LMU biologists Marcel Dann and Dario Leister have demonstrated for the first time that cyanobacteria and plants employ similar mechanisms and key proteins to regulate cyclic electron flow during photosynthesis.
Cyclic electron flow (CEF) is a crucial component of photosynthesis in both plants and cyanobacteria. However, up to now, it was not clear how it differs from, and what components it shares with, the related electron-transport process of linear electron flow (LEF) or how it is regulated. LMU biologists Marcel Dann and Dario Leister have now shown that two specific proteins, called PGRL1 und PGR5, mediate the control of CEF in plants. These proteins had been identified as important elements in photosynthesis in recent years, both in Leister’s laboratory and by a group of researchers in Japan. In plants, the amount of biologically useful energy (in the form of ATP) generated by the LEF pathway is insufficient for the synthesis of sugars from carbon dioxide. The ATP produced by cyclic electron flow makes up for this shortfall, and is vital for carbon fixation. This becomes obvious when plants are exposed to stress, have to repair damage caused by high light levels, or are confronted with other deleterious environmental changes. “When CEF is defective, plants very quickly get very sick,” Leister says.
Since cyclic electron flow is extremely difficult to measure directly in plants, Dann and Leister turned to cyanobacteria, which also possess a CEF pathway. Cyanobacteria are a very useful model system because the organelles known as chloroplasts – the sites of photosynthesis in plants – were actually derived from them during evolution. The molecular mechanisms that regulate CEF in cyanobacteria are therefore similar to, but significantly less complex than those used by plants, Leister explains. “These are systems that utilize a simpler form of photosynthesis.” In their study, which appears in the online journal Nature Communications, the authors introduced the genes that code for the two plant proteins PGRL1 und PGR5 into various mutant strains of these bacteria and analyzed their effects on photosynthesis. “We were quite surprised to find that we could in fact measure something that looked very like cyclic electron transport,” says Leister. This finding clearly proves that these two proteins indeed play a key role in cyclic electron flow. In addition, it emerged that they are sufficient to re-establish CEF in mutant cyanobacteria.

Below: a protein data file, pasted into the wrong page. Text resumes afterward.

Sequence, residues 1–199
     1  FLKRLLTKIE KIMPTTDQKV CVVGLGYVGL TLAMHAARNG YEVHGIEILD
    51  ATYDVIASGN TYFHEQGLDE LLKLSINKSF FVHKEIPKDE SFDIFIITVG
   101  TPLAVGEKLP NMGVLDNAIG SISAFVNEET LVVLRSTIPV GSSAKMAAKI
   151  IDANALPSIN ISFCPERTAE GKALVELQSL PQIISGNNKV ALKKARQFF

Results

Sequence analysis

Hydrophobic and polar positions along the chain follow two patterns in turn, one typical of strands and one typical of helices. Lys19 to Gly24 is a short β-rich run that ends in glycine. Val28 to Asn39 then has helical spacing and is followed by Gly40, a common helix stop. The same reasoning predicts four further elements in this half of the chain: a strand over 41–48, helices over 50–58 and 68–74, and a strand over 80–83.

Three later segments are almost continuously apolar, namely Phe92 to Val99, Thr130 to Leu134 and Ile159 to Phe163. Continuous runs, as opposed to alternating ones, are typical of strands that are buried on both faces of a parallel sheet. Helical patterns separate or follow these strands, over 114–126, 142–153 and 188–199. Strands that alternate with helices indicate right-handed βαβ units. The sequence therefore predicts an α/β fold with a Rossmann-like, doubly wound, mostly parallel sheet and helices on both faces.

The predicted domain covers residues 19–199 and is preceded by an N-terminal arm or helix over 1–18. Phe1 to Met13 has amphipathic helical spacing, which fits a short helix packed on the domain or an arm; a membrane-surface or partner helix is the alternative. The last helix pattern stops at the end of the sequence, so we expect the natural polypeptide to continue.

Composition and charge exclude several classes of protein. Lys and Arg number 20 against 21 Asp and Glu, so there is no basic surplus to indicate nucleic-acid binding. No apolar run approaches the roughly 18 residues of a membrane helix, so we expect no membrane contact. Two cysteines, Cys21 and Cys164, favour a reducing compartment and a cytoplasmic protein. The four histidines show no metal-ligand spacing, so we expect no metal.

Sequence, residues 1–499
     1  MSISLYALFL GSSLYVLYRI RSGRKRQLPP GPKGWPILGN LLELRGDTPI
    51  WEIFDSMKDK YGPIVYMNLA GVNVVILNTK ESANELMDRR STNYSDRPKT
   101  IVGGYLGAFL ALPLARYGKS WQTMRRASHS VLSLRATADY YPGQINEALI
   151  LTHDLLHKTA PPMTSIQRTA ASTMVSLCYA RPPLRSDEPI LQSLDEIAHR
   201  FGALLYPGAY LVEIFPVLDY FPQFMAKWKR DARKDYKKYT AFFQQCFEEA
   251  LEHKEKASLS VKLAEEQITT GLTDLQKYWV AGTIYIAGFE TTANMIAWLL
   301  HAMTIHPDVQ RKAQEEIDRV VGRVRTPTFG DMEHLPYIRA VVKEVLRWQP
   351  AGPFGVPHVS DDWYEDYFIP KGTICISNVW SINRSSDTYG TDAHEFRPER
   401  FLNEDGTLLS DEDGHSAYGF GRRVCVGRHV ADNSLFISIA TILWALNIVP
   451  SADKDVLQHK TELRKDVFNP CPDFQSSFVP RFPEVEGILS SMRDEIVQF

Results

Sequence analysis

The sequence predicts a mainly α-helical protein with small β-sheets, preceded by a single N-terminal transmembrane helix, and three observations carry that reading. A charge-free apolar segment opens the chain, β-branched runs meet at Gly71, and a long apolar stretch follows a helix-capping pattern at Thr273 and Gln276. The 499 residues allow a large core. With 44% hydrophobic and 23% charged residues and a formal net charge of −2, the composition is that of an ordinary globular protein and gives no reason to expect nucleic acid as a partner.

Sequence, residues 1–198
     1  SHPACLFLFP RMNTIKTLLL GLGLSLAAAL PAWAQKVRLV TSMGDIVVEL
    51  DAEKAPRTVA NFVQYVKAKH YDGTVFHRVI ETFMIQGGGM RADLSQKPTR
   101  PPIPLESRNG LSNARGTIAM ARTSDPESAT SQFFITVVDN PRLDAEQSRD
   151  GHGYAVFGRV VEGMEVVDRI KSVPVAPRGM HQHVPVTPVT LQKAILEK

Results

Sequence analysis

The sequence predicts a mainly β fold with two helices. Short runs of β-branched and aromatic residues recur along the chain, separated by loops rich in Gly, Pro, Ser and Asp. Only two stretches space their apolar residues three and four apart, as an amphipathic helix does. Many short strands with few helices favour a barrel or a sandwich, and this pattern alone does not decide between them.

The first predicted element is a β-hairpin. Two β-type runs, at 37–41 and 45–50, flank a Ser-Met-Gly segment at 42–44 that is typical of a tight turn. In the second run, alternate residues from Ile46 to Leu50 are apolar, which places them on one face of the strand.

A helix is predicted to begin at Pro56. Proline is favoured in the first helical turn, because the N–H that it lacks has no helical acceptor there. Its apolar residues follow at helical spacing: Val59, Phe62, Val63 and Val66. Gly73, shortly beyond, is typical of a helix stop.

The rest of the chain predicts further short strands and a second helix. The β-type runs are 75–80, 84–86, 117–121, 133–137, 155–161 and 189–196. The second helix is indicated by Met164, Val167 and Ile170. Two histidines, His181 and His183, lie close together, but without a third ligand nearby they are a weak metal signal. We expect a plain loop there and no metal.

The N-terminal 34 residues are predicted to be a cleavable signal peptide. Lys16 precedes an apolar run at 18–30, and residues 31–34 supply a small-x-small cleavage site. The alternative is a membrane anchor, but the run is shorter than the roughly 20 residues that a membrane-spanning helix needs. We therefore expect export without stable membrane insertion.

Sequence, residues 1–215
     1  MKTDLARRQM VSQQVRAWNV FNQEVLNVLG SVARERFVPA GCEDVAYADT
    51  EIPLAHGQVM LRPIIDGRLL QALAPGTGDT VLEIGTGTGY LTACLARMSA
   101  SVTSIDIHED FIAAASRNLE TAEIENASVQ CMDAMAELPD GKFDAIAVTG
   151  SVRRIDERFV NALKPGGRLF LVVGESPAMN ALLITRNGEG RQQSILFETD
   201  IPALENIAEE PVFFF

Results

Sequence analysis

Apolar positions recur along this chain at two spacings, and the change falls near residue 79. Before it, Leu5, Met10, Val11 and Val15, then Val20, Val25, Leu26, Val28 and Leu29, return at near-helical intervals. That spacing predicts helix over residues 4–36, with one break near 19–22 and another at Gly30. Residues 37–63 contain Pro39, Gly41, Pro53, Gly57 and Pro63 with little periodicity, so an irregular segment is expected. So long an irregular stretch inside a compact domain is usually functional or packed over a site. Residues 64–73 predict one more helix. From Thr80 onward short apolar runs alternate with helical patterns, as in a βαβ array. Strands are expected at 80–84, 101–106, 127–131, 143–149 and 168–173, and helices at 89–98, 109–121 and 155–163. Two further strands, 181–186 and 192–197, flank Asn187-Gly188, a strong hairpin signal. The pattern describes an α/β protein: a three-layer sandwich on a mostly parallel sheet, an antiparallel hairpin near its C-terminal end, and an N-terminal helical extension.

This is particularly notable, because cyanobacteria lack PGRL1, although they do have a PGR5-like protein. For this reason, researchers have long wondered why these cells manage to implement CEF with the aid of this PGR5 homolog alone, while the plant pathway requires both PGR5 and PGRL1. The two researchers also found a possible answer to this riddle. They showed that cyanobacteria have a second protein, called Sll1217, which apparently has a function analogous to that of PGRL1 in plants. Although Sll1217 displays only a very low level of structural (i.e. amino-acid sequence) similarity to plant PGRL1, it interacts with PGR5 from both plants and cyanobacteria. Dann and Leister are the first to suggest a function in CEF for Sll1217.
Dario Leister plans to make practical use of these new insights. His latest project, “PhotoRedesign”, for which he recently received a Synergy Grant from the European Research Council (ERC), sets out to improve photosynthetic performance and develop ways to enable plants to make better use of sunlight. “We are attempting to beat nature by combining the best elements of different systems of photosynthesis,” says Leister. In this respect, the genetically altered cyanobacteria provide new opportunities for further experimentation. “In bacteria, we can experimentally alter the plant version of cyclic electron transport by genetic manipulation within a few weeks,” Leister points out. “The altered cyanobacterial strain is like a living laboratory, which allows us to play around with the process of CEF. Such experiments would take years in plants.” And solutions that work in cyanobacteria can then be tried out in plants. “That not only saves lots of time, it allows us to carry out experiments that would be impossible to do in plants.”